Everyone is familiar with the resolution madness that occurs with what I heard recently called the “Caucasian New Year”. November and December are the biggest months for retail, but I bet for gyms it’s January and February. I can barely stand to be at the gym this time of year. I don’t think it’s the crowd I detest, but the energy. I really don’t have anything against the push to create exercise habits. Exercise is a “keystone habit“, a habit that, over time, winds up being a transformation agent, trickling into many other areas of life. I am in favor of anything that has the possibility to make humans happier and therefore possibly kinder.

Understanding habit formation is good for getting started when that is the biggest hurdle. There are times when I wish I could get clients to exercise or eat healthier because I know the possibility of change in other areas increases with it. I do think that habit has a downside, though. It encourages us to sleepwalk. Habit is a pretty mechanical thing, but not always that easily manipulated. And I think the reason we go after a change or try to instill a habit matters a great deal.

In my experience, behavioral change programs can be a surface change, or an act of violence toward self. That means the change is for reasons associated with rejection of self, such as: looking better/thinner/fitter, engaging in competition with self or others, eating more, blowing off steam, or taking the edge off emotions. Efforts to get rid of some part of ourselves we don’t like (which is why folks who lose a lot of weight without investigating the underlying emotional issue tend to gain it back) are like being at war with ourselves. Occasionally a habit leads to new insight or a more authentic reason for the habit, and yet, exercising for a general increase in health doesn’t seem to have the same motivational spark for most, even though, in the big picture, it seems like it should be the driving factor,doesn’t it?

I am quite familiar with resolutions for change that come from egoic identity – for example, running too much, for all kinds of reasons – feelings of power or accomplishment, the endorphin afterglow, controlling weight. It eventually landed me at the orthopedic surgeon’s office with knee pain and months of therapy. Lots of other intentions I have had for change were about “becoming a better person”, but more deeply examined, would have been exposed as being about trying to become something more acceptable to me, rather than becoming more fully and radiantly me.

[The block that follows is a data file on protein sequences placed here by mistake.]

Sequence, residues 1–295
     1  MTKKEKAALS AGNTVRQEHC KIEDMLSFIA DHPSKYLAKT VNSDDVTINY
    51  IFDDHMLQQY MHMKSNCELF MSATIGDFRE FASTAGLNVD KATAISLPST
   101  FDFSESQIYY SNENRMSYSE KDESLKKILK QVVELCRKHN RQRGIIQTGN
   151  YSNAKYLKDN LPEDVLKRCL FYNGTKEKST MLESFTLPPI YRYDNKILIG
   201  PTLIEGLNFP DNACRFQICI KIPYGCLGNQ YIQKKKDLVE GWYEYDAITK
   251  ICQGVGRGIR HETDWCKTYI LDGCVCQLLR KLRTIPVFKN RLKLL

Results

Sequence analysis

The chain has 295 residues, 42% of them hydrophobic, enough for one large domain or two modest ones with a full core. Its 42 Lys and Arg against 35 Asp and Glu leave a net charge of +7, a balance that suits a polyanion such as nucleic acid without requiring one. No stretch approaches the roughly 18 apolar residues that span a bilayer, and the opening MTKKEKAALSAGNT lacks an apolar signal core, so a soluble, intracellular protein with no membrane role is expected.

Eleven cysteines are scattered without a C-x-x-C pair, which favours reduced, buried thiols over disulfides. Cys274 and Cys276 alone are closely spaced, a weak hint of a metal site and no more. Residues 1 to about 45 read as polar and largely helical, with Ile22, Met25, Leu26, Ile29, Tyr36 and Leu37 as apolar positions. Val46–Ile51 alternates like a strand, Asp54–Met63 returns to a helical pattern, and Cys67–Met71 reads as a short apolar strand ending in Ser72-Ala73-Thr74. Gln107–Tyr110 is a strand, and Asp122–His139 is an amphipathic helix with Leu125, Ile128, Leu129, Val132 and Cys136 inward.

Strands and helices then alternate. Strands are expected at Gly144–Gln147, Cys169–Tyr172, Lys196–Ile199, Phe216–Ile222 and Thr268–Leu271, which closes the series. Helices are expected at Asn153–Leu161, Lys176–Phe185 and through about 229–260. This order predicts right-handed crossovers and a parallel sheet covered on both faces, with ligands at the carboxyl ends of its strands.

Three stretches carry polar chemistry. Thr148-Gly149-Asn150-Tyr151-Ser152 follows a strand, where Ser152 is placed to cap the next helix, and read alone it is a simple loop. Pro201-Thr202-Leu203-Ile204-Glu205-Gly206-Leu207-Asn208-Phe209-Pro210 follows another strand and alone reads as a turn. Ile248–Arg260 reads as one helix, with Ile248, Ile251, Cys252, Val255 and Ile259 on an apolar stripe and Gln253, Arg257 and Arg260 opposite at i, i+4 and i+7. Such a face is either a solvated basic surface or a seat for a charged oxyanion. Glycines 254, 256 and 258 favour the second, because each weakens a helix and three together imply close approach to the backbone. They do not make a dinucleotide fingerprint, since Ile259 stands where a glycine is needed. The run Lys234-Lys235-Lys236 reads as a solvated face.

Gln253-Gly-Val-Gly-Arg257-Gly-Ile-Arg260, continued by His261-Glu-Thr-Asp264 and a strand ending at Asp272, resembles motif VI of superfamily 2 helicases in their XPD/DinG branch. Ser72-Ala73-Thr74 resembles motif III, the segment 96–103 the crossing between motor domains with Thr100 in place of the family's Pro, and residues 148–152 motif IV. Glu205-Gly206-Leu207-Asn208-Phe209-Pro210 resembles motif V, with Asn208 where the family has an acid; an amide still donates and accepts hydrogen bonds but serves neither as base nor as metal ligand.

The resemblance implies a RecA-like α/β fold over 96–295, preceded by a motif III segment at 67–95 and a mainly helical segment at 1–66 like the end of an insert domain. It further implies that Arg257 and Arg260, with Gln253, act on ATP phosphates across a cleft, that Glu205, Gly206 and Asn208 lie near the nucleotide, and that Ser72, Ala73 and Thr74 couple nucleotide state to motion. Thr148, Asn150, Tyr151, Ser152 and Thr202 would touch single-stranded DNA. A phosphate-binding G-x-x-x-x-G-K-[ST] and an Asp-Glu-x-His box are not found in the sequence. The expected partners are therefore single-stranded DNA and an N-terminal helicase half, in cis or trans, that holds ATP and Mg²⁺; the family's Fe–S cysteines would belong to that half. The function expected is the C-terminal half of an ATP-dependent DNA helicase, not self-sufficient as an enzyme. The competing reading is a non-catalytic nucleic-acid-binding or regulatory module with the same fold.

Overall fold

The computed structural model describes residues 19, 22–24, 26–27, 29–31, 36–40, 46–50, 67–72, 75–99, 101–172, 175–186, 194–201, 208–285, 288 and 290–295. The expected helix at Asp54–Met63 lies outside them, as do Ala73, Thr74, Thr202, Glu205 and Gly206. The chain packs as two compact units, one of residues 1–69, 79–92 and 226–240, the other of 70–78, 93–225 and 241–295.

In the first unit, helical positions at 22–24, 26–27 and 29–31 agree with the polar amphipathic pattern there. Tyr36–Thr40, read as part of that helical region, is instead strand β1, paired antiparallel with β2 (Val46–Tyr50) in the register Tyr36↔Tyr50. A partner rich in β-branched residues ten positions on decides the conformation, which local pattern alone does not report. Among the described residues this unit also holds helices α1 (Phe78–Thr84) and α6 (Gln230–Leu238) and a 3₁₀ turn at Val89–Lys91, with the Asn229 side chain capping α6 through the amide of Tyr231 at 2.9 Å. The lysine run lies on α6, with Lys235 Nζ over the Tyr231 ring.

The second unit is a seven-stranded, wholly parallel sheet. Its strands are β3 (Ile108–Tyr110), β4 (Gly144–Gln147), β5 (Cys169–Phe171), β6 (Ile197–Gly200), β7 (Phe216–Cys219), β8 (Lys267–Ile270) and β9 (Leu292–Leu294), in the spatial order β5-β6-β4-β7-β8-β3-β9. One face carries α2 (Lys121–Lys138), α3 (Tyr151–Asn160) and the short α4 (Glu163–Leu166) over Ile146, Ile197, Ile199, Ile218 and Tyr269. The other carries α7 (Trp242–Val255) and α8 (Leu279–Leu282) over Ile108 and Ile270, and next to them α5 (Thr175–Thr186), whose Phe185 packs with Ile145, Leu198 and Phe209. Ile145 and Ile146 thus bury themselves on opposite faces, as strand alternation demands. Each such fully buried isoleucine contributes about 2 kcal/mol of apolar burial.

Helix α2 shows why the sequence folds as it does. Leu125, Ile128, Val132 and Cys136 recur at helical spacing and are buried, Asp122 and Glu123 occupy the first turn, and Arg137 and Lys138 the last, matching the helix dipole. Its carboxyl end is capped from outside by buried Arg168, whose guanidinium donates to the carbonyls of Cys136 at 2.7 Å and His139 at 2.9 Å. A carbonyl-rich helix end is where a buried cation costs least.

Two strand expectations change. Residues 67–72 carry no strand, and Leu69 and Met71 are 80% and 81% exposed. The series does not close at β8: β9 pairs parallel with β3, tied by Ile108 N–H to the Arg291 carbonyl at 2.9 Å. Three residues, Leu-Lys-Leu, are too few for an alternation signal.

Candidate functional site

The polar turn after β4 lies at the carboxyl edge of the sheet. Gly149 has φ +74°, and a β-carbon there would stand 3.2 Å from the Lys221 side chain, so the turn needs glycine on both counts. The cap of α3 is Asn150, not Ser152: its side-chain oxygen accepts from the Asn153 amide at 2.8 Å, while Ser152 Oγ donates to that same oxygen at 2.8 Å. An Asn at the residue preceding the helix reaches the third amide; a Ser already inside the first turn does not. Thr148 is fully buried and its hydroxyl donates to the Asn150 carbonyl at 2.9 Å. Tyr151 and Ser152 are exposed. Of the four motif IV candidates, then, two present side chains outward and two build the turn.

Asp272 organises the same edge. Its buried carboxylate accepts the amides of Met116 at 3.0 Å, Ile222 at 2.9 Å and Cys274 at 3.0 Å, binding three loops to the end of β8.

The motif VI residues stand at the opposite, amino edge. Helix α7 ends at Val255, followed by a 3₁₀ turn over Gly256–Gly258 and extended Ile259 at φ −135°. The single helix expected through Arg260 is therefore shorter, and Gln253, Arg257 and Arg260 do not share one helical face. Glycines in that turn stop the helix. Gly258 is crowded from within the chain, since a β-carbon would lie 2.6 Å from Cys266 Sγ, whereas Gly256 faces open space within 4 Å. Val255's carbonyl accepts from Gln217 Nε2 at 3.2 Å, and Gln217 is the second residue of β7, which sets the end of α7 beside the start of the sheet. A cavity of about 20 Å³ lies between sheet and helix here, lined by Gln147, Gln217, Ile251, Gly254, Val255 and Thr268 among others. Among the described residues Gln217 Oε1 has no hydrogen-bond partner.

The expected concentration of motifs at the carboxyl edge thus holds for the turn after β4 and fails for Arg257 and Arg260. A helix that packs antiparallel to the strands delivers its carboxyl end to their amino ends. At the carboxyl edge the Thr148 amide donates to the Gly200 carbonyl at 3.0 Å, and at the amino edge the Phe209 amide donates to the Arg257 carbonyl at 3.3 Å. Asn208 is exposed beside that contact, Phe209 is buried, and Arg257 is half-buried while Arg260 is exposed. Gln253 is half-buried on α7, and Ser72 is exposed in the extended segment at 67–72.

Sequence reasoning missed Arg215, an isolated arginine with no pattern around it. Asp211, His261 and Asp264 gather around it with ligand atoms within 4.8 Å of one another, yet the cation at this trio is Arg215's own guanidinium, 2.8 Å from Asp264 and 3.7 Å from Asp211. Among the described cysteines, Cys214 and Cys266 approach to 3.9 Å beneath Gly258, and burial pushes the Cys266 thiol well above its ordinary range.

Behavioral change is an interesting animal, and you can find out more about it in Charles Duhigg‘s book The Power of Habit, which makes an alluring argument for conscious construction of habits, using the latest brain science. Habits can be a great source of momentum for maintaining physical and mental health.

But change achieved in this way also seems to be largely a top-down processing effort. That means it’s sort of a willpower game, mind over matter, mind trying to make the body obey. There is actually another way, though it isn’t widely acknowledged. The other way is “bottom-up” processing. The nervous system highway that connects the brain to the body (see Stephen Porges’ polyvagal theory) has 10 to 20%  of road traveling from top to bottom (head to gut), and 80-90% traveling from bottom to top (gut to head).

Willpower feels like a struggle because it IS! It’s incredibly inefficient. Most of the information is traveling from the viscera – stuff in the trunk of your body (your “body-mind”) – and then your brain-mind explains it to you. The trouble comes when you try to make a change with your brain-mind, and your body-mind disagrees. The disagree message gets through 80% better than the brain-mind message! Example: imagine trying to convince yourself you aren’t starving, or sleepy, or need to pee, or aren’t angry when you really are. Making sense?

So, you might wonder, “how can I change using more efficient “bottom-up” methods”? How can I get my head and my gut to agree? What would that even look like?

There are at least two ways I know of.